A Lesson in Lean Over a Long Holiday Weekend

English: An Act to Prevent the further Introdu...
English: An Act to Prevent the further Introduction of Slaves and to limit the Term of Contracts for Servitude within this Province (Photo credit: Wikipedia)

What? Another long weekend?

That’s right! The first Monday of August is a civic holiday here in Ontario, Canada. However, if you ask people what we’re supposed to be celebrating you may be surprised by the vast array of answers – including “I don’t know.”

Some of the confusion begins with its declaration – the provincial government has not defined this day as a statutory holiday although it is given to all federal and municipal government employees, In other words, this holiday is “optional”.

Having one long weekend per month has now turned into one of expectation. We only need to scramble for a cause to justify its existence as this excerpt from Wikipedia clearly demonstrates:

In Ontario, the day may be known as Simcoe Day in honour of the first Lieutenant-Governor of Upper Canada and the promulgator of the Act Against Slavery; the Scotiabank Caribbean Cultural Festival, formerly known as Caribana, is held this holiday weekend in Toronto, coinciding with Emancipation Day. Civic Holiday may also be known by one of a number of local appellations such as Mountie Day in North York, Colonel By Day in Ottawa, George Hamilton Day in Hamilton, Joseph Brant Day in Burlington, Founders’ Day in Brantford, McLaughlin Day in Oshawa, Alexander Mackenzie Day in Sarnia, James Cockburn Day in Cobourg, Peter Robinson Day in Peterborough, and John GaltDay in Guelph, as well as numerous other names in smaller municipalities.[citation needed]

Another example with a more specific cause is Family Day – first introduced as an election promise and subsequently established in 2007 by our provincial government to cure the long weekend void of February. Once again, Wikipedia provides a more thorough review:

During the Ontario provincial election in 2007, Dalton McGuinty of the Liberal Party promised that if re-elected premier he would establish a provincial holiday in February. On 12 October 2007, the provincial government established Family Day, with the first being observed on 18 February 2008. Its creation raised Ontario’s number of public holidays to nine per year.[7] However, this holiday does not necessarily add to the number of holidays Ontarians receive, as employers can substitute any non-statutory holidays that employees may already be receiving in lieu of this day. Many employers have substituted the popular Civic Holiday, which falls on the first Monday in August. Although the Civic Holiday is enjoyed by millions every year, it is not public (statutory), and workers may have to choose one holiday or the other, based on their contract, union negotiations, service requirements, etc.[8]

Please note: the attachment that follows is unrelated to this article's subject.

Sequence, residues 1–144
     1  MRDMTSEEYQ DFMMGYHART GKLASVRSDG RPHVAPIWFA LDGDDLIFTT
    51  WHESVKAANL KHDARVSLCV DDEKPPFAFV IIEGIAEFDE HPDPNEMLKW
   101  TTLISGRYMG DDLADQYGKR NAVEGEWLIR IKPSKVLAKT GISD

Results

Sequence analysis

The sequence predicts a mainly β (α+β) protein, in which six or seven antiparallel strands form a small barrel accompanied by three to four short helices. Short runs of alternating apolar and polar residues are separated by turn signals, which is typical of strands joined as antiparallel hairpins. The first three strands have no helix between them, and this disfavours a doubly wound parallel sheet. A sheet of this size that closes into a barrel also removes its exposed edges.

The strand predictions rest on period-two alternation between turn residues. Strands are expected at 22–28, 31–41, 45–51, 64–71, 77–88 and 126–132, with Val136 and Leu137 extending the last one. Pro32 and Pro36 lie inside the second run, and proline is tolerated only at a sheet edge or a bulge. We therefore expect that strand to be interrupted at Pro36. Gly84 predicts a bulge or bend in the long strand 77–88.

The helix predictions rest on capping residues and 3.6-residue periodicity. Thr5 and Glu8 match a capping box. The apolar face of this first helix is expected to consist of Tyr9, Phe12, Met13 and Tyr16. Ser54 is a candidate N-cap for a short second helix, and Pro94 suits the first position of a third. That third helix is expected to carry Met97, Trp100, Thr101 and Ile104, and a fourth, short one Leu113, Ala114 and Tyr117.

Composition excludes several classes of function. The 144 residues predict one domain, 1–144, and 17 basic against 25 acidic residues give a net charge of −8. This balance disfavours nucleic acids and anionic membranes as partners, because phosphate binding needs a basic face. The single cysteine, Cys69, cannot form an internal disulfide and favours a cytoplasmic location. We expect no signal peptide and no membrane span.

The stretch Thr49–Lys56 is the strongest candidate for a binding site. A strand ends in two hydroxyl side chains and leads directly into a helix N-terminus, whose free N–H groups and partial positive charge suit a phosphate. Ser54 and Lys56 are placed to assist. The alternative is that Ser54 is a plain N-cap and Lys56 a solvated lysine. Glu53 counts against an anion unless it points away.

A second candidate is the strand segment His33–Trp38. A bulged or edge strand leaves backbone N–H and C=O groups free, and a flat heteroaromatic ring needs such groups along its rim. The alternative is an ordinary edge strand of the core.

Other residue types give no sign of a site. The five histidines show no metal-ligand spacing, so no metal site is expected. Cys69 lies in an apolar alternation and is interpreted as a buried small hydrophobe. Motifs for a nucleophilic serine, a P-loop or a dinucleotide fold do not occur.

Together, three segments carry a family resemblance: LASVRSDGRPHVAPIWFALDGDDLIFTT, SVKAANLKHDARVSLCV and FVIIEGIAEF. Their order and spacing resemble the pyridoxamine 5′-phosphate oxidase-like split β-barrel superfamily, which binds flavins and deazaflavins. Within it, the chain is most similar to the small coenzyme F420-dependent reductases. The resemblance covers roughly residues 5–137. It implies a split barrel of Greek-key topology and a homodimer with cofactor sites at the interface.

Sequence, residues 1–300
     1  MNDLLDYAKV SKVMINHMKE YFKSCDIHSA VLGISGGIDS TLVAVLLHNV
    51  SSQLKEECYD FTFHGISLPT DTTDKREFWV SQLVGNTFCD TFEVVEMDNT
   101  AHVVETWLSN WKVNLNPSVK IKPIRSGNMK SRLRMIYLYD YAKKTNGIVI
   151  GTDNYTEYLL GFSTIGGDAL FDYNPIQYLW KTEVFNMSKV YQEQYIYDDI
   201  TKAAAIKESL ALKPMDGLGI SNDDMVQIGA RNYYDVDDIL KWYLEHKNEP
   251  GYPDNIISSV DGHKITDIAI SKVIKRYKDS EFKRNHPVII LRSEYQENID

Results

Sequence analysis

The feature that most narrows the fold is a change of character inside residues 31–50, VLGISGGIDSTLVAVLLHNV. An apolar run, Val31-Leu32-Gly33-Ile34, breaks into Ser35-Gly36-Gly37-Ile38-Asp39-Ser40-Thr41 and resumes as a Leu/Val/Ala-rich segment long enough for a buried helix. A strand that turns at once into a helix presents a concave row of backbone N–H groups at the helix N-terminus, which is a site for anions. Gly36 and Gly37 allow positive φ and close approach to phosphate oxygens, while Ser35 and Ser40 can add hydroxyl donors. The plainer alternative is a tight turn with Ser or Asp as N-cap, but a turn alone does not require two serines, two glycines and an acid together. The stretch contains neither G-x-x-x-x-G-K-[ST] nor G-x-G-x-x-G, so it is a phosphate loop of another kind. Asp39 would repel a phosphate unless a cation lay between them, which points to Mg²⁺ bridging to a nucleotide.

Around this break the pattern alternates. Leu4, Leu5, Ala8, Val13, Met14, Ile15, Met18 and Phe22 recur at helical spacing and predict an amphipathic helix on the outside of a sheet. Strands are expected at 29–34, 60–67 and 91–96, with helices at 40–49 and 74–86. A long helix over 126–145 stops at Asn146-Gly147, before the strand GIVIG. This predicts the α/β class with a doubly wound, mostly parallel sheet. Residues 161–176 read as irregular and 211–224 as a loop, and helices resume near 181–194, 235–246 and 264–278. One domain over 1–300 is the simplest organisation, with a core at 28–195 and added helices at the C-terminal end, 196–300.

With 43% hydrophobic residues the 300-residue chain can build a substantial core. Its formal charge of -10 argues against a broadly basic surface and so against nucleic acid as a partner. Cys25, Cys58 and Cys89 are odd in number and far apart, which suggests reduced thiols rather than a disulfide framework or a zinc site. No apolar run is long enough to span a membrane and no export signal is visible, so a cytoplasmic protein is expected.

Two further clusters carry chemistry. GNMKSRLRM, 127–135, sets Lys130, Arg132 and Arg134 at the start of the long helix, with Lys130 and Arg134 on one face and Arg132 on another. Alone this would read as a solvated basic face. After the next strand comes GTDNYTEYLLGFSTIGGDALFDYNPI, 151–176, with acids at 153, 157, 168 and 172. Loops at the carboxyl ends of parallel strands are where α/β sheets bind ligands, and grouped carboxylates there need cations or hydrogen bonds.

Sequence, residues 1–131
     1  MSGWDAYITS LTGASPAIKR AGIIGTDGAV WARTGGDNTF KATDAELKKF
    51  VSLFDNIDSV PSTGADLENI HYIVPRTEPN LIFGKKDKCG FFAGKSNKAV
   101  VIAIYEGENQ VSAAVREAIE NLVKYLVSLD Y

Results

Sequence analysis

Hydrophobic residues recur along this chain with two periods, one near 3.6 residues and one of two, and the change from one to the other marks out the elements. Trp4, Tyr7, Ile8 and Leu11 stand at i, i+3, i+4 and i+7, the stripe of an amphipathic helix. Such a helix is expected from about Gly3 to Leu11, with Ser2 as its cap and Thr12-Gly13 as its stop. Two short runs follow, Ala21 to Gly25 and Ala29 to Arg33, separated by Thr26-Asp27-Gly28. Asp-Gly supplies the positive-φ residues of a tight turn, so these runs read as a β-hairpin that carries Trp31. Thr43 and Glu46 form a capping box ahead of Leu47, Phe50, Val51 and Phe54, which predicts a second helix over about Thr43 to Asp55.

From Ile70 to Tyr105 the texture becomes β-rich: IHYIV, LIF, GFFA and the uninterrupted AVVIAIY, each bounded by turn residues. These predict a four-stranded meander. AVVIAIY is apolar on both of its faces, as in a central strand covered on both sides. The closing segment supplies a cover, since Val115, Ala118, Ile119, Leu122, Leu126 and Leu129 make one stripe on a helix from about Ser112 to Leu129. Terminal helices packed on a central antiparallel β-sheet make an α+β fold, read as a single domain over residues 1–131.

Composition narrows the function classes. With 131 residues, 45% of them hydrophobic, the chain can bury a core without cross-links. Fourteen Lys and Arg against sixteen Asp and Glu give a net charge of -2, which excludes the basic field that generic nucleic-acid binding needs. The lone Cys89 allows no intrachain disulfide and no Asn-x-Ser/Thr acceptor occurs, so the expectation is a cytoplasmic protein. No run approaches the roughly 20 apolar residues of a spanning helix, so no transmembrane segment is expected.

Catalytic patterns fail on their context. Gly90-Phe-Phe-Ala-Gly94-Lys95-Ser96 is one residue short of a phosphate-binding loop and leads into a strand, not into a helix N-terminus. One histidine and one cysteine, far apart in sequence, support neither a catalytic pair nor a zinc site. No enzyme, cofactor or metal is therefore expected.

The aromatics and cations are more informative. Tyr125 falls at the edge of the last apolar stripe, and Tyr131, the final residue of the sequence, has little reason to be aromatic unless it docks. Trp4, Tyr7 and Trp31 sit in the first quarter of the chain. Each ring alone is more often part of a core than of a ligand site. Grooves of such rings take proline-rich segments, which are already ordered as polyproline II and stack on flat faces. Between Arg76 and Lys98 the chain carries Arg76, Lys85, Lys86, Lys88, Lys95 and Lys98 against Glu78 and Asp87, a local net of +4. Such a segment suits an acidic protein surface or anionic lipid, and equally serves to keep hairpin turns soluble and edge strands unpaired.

There has been much debate as to whether Family day was introduced as a means for our Premier to gain re-election or a necessary measure to assure the continued well being of Ontario families across the province.

The relationship to leadership and lean

On the breach of trust

Not all leaders are elected and we seldom have an opportunity to express our real opinions of them. As for government however, our levels of satisfaction can be measured in votes. Our intentions may be challenged and as leaders we must be transparent, accountable, and serve with integrity. Was injecting the “Family Day” holiday into a platform of many “to be broken promises” an expression of real concern for families in our province or simply a means of swaying votes? The manner for delivering on such a promise seems unprecedented as are many promises made during election campaigns.

As for business, the effects of leadership are more immediate and direct. For public companies, share prices rise and fall with the mere utterance of good or bad news and is evidenced by the ever-present volatility of the stock markets. Local economies are increasingly affected by global events as never experienced before.

Leading on Purpose

Our civic holiday is indicative of the confusion that continues to resonate throughout an organization long after a program or measure has been introduced without a specific purpose. As I review the many names that define this civic holiday and the excitement that accompanies each of them, I am reminded of how many organizations perceive a common sense of purpose among the ranks, only to learn that reasons for all those smiling faces are as diverse as the number of employees working there.

As leaders, we are challenged to foster a culture where the efforts of our teams are focused toward a greater common vision that is clearly defined, understood, and embraced by all. If there is at least one common thread for the civic holiday, it is to honor local heroes and people in our communities who played a much larger role in shaping our communities, our country, and our world for the betterment of humanity.

The last word

We all need a break from routine and, next to vacations, a long weekend certainly tops the list. There are many people who don’t really care why they are getting an extra day off while others are very much “in the know”. Being a leader, its our business to know. Oddly, after I finished this post, someone asked, “Do you know why Monday is a holiday?” I said, “You’re not going to believe this but that’s the topic of my post today!” As leaders, we make it our business to know “why” and “what”. As for the “how”, I’ll leave that to the experts.

I wish you all a happy Civic Holiday Monday – whatever your reason may be!

Until Next Time – STAY lean

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